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Episode 018: A Conversation on The Waymakers with Tara Jaye Frank, Part 1

A Conversation on The Waymakers with Tara Jaye Frank Part 1

Part one of Sarah’s discussion with author Tara Jaye Frank on her new book, The Waymakers: Clearing the Path to Workplace Equity with Competence and Confidence.  What does it mean to be a Waymaker?

About Our Guest

Tara Jaye Frank is an equity strategist who has advised and educated thousands of Fortune 500 executives across multiple industries and large member organizations. Her work, fueled by a deep belief in the creative power and potential of everyone, focuses on building bridges between people, ideas, and opportunity.

Before founding her culture and leadership consultancy, Frank spent twenty-one years at Hallmark Cards, where she served in multiple executive roles, including Vice President of Creative Writing and Editorial, Vice President of Business Innovation, Vice President of Multicultural Strategy, and Corporate Culture Advisor to the President.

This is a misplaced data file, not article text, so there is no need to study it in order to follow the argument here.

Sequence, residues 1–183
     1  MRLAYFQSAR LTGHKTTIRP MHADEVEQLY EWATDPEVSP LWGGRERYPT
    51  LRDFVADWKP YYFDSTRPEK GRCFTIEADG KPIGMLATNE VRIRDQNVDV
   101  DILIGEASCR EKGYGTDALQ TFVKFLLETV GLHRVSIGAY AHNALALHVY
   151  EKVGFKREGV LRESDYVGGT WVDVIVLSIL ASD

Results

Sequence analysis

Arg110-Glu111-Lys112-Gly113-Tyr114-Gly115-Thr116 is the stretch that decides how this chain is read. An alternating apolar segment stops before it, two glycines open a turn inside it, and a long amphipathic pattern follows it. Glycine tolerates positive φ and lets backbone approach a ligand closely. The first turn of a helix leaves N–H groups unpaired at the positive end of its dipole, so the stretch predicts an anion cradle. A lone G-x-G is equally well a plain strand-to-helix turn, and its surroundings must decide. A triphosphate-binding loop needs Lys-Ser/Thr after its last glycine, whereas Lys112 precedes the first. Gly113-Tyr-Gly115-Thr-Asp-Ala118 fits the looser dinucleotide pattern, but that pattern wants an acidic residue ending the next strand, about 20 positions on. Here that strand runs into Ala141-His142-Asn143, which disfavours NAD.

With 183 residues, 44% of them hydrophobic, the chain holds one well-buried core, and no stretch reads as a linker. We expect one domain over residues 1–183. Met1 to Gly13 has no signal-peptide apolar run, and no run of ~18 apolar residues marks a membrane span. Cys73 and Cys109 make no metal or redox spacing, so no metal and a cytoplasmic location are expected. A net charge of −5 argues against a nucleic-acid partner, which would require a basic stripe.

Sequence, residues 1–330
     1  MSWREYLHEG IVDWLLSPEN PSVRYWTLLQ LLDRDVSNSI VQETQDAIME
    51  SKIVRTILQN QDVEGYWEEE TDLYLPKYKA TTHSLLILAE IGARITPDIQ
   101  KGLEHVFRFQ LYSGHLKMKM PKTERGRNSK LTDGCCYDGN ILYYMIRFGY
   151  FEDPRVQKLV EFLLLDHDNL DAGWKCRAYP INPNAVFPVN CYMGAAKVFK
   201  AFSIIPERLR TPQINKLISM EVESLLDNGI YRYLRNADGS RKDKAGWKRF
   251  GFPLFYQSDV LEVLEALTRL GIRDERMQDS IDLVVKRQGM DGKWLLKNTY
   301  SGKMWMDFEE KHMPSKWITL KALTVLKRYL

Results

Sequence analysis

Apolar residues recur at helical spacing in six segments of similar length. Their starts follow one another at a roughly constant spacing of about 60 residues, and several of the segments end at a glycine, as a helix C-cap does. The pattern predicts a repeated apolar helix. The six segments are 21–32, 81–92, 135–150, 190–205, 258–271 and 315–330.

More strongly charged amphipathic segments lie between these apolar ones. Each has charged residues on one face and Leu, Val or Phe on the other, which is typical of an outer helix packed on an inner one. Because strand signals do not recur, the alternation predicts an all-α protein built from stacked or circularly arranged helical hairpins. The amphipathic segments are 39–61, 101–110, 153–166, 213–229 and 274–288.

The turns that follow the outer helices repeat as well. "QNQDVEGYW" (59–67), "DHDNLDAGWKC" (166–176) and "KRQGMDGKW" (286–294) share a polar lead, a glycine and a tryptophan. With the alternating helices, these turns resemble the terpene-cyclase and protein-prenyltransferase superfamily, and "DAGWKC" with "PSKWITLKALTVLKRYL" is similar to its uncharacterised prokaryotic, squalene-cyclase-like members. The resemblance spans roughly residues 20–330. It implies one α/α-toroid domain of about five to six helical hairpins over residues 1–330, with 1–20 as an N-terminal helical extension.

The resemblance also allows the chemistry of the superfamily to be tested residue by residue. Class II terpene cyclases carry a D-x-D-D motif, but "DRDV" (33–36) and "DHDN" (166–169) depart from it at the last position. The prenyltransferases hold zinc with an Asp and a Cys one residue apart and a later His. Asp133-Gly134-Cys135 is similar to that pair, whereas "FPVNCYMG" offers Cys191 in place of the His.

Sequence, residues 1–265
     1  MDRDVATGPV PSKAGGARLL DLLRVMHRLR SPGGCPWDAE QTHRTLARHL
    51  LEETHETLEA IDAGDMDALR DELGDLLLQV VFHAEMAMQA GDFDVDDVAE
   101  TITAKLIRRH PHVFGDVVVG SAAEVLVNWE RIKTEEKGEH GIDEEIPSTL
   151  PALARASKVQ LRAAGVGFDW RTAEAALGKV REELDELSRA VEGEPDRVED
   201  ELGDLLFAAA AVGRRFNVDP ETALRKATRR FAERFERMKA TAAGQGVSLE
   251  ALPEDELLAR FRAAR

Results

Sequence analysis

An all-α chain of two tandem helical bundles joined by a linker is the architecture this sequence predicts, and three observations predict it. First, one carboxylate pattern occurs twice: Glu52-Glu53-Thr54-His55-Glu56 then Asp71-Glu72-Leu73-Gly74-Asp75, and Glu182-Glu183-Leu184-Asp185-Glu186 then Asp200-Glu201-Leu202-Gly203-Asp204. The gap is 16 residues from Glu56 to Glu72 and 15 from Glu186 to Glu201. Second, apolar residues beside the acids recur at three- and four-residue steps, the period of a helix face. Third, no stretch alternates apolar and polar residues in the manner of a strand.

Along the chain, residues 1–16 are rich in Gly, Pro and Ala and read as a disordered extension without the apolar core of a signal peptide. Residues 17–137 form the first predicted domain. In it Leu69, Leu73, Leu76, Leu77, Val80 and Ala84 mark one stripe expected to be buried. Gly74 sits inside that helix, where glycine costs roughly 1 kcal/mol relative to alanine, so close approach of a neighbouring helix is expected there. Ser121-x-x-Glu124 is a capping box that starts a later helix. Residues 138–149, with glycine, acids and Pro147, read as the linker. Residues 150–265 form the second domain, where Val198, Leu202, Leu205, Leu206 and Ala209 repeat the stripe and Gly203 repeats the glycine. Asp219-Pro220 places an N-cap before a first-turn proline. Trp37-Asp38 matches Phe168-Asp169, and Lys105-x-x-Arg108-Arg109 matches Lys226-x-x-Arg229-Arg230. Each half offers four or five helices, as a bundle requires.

Tara resides in Dallas, Texas, with her husband, two of their six children, and their three dogs. She is also a proud Spelman Alumna and a member of the Executive Leadership Council, Network of Executive Women, Delta Sigma Theta Sorority, Inc., and was recently named a 2022 SUCCESS125 honoree by SUCCESS Magazine, and is listed among CORE Magazine’s 100 Most Influential Blacks in 2022.

Learn more at tarajayefrank.com  and wearethewaymakers.com

Resources Mentioned

Episode Transcript

Sarah Noll Wilson